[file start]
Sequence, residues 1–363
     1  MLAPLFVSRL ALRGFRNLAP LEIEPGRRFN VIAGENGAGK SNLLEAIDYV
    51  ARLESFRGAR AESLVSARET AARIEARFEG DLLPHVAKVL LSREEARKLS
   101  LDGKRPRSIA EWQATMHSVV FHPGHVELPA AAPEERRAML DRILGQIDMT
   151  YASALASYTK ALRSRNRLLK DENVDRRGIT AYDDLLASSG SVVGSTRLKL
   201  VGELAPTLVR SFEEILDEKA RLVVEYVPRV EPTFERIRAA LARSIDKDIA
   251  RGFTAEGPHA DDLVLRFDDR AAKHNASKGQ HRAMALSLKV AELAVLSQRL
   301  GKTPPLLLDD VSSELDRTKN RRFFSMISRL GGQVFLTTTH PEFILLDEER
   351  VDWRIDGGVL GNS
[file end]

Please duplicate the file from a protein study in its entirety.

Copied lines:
Sequence, residues 1–363
     1  MLAPLFVSRL ALRGFRNLAP LEIEPGRRFN VIAGENGAGK SNLLEAIDYV
    51  ARLESFRGAR AESLVSARET AARIEARFEG DLLPHVAKVL LSREEARKLS
   101  LDGKRPRSIA EWQATMHSVV FHPGHVELPA AAPEERRAML DRILGQIDMT
   151  YASALASYTK ALRSRNRLLK DENVDRRGIT AYDDLLASSG SVVGSTRLKL
   201  VGELAPTLVR SFEEILDEKA RLVVEYVPRV EPTFERIRAA LARSIDKDIA
   251  RGFTAEGPHA DDLVLRFDDR AAKHNASKGQ HRAMALSLKV AELAVLSQRL
   301  GKTPPLLLDD VSSELDRTKN RRFFSMISRL GGQVFLTTTH PEFILLDEER
   351  VDWRIDGGVL GNS